Grandfather Comforts His Crying Wife Through Care Facility Window amid Coronavirus Isolation

An elderly couple in New York who have been married for over 60 years is proving that their love can overcome any barrier — even if that barrier happens to be a care facility window.

Over the past year, Lauren Barber, 80, has been living in a memory care center near Albany without her husband Bob, 85, due to her dementia, her granddaughter Alicia Barber tells PEOPLE.

Though they aren’t living together anymore, Alicia, 24, says her grandparents haven’t missed a beat and Bob has been there every day to spend time with his wife.

“He’s super popular at the center. Everyone knows him,” she says. “He eats dinner with her and all the other residents every night, even though it’s not the best food… He always cheers her up and makes her laugh and then at the end of the night he makes sure that she is safe and comfortable in bed before leaving.”

However, Lauren and Bob’s routine was interrupted on March 14 as the coronavirus outbreak escalated, prompting Lauren’s care facility to close their doors to all visitors as a way to protect their at-risk residents.

Still, Bob didn’t let that get in the way. For nearly three weeks straight, he has been visiting Lauren from outside her window — and one of their sweet interactions was captured in a video on Alicia’s TikTok account. 

In the emotional clip, Lauren cries over the fact that she can’t be with her husband, while Bob attempts to comfort her. 

“I need to be with you,” she tells him, to which Bob responds, “I’d like to be with you too, but because of the illness, we can’t do it… This is the best we can do for now… Don’t cry, Lauren. I love you too, but don’t cry.”

Their heartbreaking interaction has since gone viral, garnering over 814,000 likes and 14,000 comments praising their love — something that has been evident to Alicia from the start.

“It’s just been amazing to watch these two people who I’ve known my whole life go through so much and just to see my grandfather, in particular, providing so much care,” Alicia says of her grandparents, who have been married since 1958.

“It’s a testament to their love,” she adds of the video. “It’s a testament to my grandfather’s strength and compassion during this time.”

For Alicia, it’s no surprise that her grandfather has been making daily visits.

After Lauren started to show signs of dementia five years ago, Bob tried as hard as he could to keep Lauren at their home. Unfortunately, her condition declined and her health and safety became too much to manage on his own.

“My family really pulled together and they did everything they could to keep her at home for as long as possible,” Alicia explains. “Someone from my family, for about a year, was there every single night to help my grandfather, [but] she needed a lot of care and support.”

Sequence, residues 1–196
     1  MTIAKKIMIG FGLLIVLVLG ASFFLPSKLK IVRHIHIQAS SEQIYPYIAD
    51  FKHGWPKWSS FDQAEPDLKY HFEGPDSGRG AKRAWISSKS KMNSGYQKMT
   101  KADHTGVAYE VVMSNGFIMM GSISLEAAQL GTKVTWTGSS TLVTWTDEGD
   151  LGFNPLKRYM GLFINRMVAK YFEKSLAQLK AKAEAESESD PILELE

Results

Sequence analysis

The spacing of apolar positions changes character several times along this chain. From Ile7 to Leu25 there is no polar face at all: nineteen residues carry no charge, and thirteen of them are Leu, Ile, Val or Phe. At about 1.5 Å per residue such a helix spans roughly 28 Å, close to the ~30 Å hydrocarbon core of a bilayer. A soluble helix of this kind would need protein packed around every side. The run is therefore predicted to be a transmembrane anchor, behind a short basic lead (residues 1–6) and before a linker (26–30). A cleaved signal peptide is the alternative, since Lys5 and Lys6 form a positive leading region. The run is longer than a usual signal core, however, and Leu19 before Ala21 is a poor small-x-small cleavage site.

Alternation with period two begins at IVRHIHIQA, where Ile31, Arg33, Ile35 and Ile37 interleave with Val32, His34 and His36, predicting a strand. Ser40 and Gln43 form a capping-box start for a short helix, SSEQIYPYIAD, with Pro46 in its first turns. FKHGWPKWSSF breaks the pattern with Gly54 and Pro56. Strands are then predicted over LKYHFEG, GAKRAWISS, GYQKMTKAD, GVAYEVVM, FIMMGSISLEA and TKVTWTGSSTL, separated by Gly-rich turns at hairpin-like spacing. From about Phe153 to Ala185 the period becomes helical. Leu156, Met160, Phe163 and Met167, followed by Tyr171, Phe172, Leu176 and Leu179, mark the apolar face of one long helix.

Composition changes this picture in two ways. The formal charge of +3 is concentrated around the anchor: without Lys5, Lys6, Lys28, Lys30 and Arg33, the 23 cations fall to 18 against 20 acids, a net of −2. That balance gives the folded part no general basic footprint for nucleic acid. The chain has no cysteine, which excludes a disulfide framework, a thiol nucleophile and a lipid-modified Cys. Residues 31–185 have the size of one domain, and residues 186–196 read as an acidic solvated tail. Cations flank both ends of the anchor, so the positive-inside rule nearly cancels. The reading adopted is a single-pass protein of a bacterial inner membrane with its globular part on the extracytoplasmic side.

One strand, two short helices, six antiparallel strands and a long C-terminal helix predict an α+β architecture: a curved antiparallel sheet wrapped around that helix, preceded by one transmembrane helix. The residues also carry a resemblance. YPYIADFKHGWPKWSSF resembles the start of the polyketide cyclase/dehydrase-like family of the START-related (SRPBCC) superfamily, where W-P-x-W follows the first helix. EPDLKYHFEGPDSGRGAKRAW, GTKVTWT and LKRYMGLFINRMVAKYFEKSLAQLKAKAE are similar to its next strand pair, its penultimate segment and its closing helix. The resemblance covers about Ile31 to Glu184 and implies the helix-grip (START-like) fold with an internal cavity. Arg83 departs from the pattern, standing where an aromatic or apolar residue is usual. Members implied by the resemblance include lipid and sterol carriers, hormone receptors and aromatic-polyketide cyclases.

Though it was “really difficult” on her grandfather, Alicia says Bob has “done the best that anyone can do” with the situation, even noting that he’s sweetly braved weather elements to be with Lauren over these past two weeks.

“There was water and snow falling on him from the roof and my aunt happened to be driving past to drop stuff off and she saw him and came out with an umbrella because he was getting all wet,” she recalls. “He’s still making sure that she’s never alone and she’s always able to see him.”

“He’s really the only one that she remembers every day. [She asks], ‘Where’s Bob? Where’s my husband?’ That really makes me happy that she still has that joy of loving him,” Alicia says of her grandparents.

While it has been difficult to watch her grandmother get emotional and struggle to understand why Bob can’t come inside, Alicia says she has found comfort in knowing how much Lauren still cares about her husband amid her challenges.

“It would’ve been more upsetting for me if she didn’t recognize my grandfather or wasn’t sad she couldn’t see him,” Alicia says. “It gives me a little silver lining that at least she continues to know who he is and love him and be with him because when that goes out, it’ll be really hard.”

“They’ve really served as my view of what ideal love is, seeing the lengths that [my grandfather] would go to really put into perspective when you love someone, what you’ll do for them and how everyone should find someone who will go outside their window if they can’t be with them,” she continues.

As people around the globe continue to admire Lauren and Bob’s love, Alicia — who is earning her PhD in neuroscience at Dartmouth College in New Hampshire — hopes viewers will also take away something else from the video.

“I hope people see it as a reason for adhering to the measures that everyone is taking with social distancing,” she explains. “I know there’s been some issues, particularly with younger people, not seeing themselves as vulnerable to the illness, so they don’t feel like they have to follow social distancing as much.”

“Maybe viewing [the video gives] an example of those who are really affected by this and why all of us doing our part and staying at home would help my grandparents and help the millions of other people who are in similar situations,” she says.

As of Friday morning, there have been at least 85,724 cases and 1,275 deaths attributed to coronavirus in the United States, according to the New York Times. New York currently leads the country with at least 38,987 reported cases and 432 deaths.

As information about the coronavirus pandemic rapidly changes, PEOPLE is committed to providing the most recent data in our coverage. Some of the information in this story may have changed after publication. For the latest on COVID-19, readers are encouraged to use online resources from CDC, WHO, and local public health departments and visit our coronavirus hub.

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